GOP sources: Christie and a U.S. Senate self-appointment option

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There is increasing vocalized speculation within the New Jersey Republican Party about the possibility of Gov. Chris Christie leaving open a self-appointment to a United States Senate seat in the event that the seat becomes open. U.S. Senator Bob Menendez (D-NJ) faces a 14-count indictment and, according to veteran criminal defense attorney Joe Hayden, a “fighting chance” at trial.

Menendez has his dukes up and gives every indication he intends to be pried from his chair of power only after the most intense of fights. But if the Democratic senator cracks up, depending on the frame of time in which the seat becomes available and Christie in his gubernatorial role faces his responsibility of picking a successor, Republicans long irritated at Christie for creating a Christie brand and shirking the less glamorous demands of statewide party-building, see a chance for the GOP to hold onto power if the governor appoints himself to fill a vacant senate seat.

This past week, two sources close to the heart of Republican Party power in the days leading up to the long-anticipated Bridgegate indictments by the U.S. Attorney’s Office, broached the subject with PolitickerNJ. Both noted that timing is everything in politics, but suggested that later rather than sooner, if Christie’s presidential prospects tank and he must come back to a state in ruins and Menendez conceivably on the losing end of his court fight, Christie could extend his political life, and give a much-needed boost to a downcast Republican Party, by appointing himself senator.

The arguments on this subject run pro and con, with some sources saying it’s the dumbest thing they’ve ever heard for a variety of reasons, not least of which is Christie’s own hunger for the executive limelight, an appetite poorly served by federal legislative duties. Others point out that by making such a move Christie would too obviously be trying to escape a state in crisis and would only enhance his image as a self-serving politician little concerned with government problem-solving. Still others note Christie’s upside down approval rating and a statewide population shrugging its collective shoulders at the prospect of President Christie. He’s done, the assessment runs, how could he possibly ever even seriously entertain – except in a kind of Blagojevich-like alternate universe – the U.S. Senate option?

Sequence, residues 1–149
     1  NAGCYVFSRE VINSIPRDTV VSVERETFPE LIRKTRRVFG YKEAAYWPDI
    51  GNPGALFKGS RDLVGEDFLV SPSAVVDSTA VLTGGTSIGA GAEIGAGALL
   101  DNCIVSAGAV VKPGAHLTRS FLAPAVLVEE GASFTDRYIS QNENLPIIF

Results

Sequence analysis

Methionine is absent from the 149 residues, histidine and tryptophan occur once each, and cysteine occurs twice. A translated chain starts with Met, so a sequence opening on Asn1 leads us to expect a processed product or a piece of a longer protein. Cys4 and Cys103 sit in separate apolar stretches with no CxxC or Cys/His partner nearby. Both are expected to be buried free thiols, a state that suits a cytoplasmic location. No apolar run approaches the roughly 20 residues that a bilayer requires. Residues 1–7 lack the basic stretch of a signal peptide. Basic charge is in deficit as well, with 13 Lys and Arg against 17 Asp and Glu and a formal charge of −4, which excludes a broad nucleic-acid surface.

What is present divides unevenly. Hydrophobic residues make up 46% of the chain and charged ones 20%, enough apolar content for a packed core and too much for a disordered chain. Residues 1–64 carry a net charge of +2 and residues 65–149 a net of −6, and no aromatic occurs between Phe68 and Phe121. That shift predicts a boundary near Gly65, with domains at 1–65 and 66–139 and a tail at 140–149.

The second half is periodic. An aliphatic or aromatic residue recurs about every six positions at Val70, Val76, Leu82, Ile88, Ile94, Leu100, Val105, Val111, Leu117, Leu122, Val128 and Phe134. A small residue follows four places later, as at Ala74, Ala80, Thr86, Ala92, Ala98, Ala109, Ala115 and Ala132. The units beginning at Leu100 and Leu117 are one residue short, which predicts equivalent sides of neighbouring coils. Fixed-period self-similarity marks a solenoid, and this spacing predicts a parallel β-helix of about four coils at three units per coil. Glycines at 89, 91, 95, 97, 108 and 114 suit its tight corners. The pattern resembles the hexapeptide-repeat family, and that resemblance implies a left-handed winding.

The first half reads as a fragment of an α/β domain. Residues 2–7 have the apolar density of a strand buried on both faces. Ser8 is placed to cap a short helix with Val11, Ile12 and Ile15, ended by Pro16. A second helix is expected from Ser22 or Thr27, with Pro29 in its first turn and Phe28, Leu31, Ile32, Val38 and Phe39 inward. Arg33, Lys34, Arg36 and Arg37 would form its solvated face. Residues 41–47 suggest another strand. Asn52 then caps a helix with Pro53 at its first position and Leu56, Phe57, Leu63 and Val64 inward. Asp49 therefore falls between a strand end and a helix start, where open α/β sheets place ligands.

It bears mentioning that more GOP sources comfortably speculate about Christie’s future in cable television as a well-paid, willing in-house ratings challenger to the likes of cable kingpins Bill O’Reilly and Sean Hannity. One of the sources who broached the U.S. Senate option conceded that the move might even constitute wishful thinking on the part of a party that has found itself irritated more than inspired by the governor since 2013, which nonetheless recognizes him as its only chances of extending party influence in the aftermath of his Drumthwacket tenure.

But it is out there, circulating through a Republican Party that at the edge of Bridgegate and in the lead up to the governor’s scheduled 2017 departure is searching for ways to extend the goodwill Christie managed to muster when he first won in 2009.

“I keep telling people [fellow Republicans],” one source told PolitickerNJ, “we’ve had it pretty good with Chris; I mean, when you consider the alternative. Chris is the only Republican out there who has a shot at winning statewide. Yeah, I know his numbers are down, but that’s right now. He’s the only one who gives the party a fighting chance.”

Noting that former Acting U.S. Senator Jeff Chiesa now has a law firm to run and would not want to go back to the U.S. Senate, the same source argued that if Christie had no desire to appoint himself to the U.S. Senate seat, former state Senator (and former Christie Chief of Staff) Richard Bagger would top a short list of potential place-fillers.

GOP sources: Christie and a U.S. Senate self-appointment option